As our learners return to school after up to six months out of the classroom, many teachers will be worried about gaps in their learning. Routines will have become unsettled and there has undoubtedly been an impact on social, emotional and mental health as a result of missing peers, changes to social interaction and the absence of the daily structure that school brings. The trick is to get as accurate a picture as you can of the child’s cognitive, social and mental health as early as possible – one-page profiles can help with this.
A one-page profile is an extremely effective yet easy-to-use tool to bridge the gap between school and home. A brief but detailed holistic overview of an individual learner, it gives you a clearer understanding of how the child learns best, what their interests, hobbies and skills are, and how you can better engage them. It can also give parents and carers a chance to feedback on the child’s behaviour and wellbeing at home, giving you a particularly useful insight of their home learning experience from the last few months.
It can also be used for recording key quantitative data, such as assessment scores and progress over time in key subjects. This enriches our understanding of the learner, clearly outlines their strengths, weaknesses and achievements, and fosters a more comprehensive and personalised approach to support. This also helps cut down on paperwork by keeping key information in one place.
Giving parents a voice
Most learners will have spent a considerable amount of time at home with their parents taking on the role of teacher. Here, a one–page profile also gives the opportunity for parents to contribute their invaluable insight and knowledge. What do they feel is important for their child, and what worked for them in terms of engaging and supporting their child to access learning at home? This input will give you a clearer idea the learner’s starting point as they return to a more formal learning environment. This can also help develop consistency between home and school with adults adopting complementary approaches.
The more we can get an individual and their family to reflect on their wider self, the more likely it is that we will have an effective one-page profile. If we know someone’s wider circumstances, we can start supporting the creation of a one-page profile that genuinely reflects the individual with contributions from key stakeholders.
Literacy difficulties, SEND and independence at a time of transition
The relationship between home and school is even more crucial when supporting learners with additional needs. The one-page profile is a great mechanism for not only amplifying the voice of the learner and their parents, but also in capturing the specific needs of that individual learner. It is a great tool in bringing this information together to create a single overview of the needs of children with literacy difficulties and SEND. Establishing strategies that will help promote attention, self-confidence and independence will be of great use.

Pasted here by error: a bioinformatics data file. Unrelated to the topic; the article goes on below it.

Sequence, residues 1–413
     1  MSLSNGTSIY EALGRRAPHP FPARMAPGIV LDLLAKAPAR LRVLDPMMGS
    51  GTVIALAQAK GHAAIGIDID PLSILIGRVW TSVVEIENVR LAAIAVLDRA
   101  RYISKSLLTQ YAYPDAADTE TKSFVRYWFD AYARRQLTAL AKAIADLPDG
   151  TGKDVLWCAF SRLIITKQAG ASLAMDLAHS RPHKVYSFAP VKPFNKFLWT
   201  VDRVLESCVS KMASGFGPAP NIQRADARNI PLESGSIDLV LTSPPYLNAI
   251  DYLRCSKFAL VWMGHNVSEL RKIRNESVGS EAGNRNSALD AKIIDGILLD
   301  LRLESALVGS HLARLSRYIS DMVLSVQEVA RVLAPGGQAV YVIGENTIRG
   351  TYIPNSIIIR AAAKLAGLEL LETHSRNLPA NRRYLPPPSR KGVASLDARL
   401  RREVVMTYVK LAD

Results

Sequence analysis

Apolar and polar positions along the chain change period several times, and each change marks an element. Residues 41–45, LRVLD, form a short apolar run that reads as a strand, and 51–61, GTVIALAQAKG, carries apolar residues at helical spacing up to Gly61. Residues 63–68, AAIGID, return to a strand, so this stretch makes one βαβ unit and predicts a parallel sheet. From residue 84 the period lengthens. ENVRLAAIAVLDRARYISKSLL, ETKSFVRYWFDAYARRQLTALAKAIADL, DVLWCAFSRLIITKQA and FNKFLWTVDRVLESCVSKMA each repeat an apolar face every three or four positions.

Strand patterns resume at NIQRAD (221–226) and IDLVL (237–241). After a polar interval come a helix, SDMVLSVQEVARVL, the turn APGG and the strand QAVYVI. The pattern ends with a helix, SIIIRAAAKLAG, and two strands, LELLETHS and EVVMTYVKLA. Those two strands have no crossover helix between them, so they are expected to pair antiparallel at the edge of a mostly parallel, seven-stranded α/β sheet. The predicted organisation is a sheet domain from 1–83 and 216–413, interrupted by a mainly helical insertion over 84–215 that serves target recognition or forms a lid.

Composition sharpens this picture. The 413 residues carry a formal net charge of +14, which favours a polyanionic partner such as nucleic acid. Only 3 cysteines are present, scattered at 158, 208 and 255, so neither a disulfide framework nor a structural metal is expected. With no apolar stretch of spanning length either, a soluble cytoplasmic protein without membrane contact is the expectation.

If you are teaching the learner for the first time, using a one-page profile to deepen your knowledge of that learner and to have a holistic understanding of how best to support their learning is invaluable. In this scenario, one-page profiles can be built collaboratively involving the learner and their new and old class teachers. These conversations will build rapport and develop trust between you and the learner, which will create a positive and engaging relationship throughout their time with you.
Taking a collaborative approach
In my experience, one-page profiles work best when you take time to gather information from a range of sources and use it to create an insightful and useful overview of the child across environments and settings. This reduces the risk of you missing a critical aspect of their home-life, SEMH needs and general life outside of school.
For example, in one case after taking time to discuss the family dynamics and working arrangements it turned out a learner was a young carer. They would often not have breakfast and would be late as a result of dropping their siblings off at school. The school arranged for a key worker to meet them every morning and for them to have breakfast at school. The learner was more settled when lessons started and was able to focus more because they weren’t hungry and had been able to calm down on arrival to school thanks to their key worker.
If you can get your approach to one-page profiles right, you won’t be guessing the gap so much.
We have an opportunity to better understand what works for each learner and how to support them within the learning environment, and to build positive and mutually beneficial relationships with individuals and their families through our knowledge of their interests and what matters to them. Knowing that staff have positive regard for individuals can help in giving a greater degree of stability at a time when things look so very uncertain.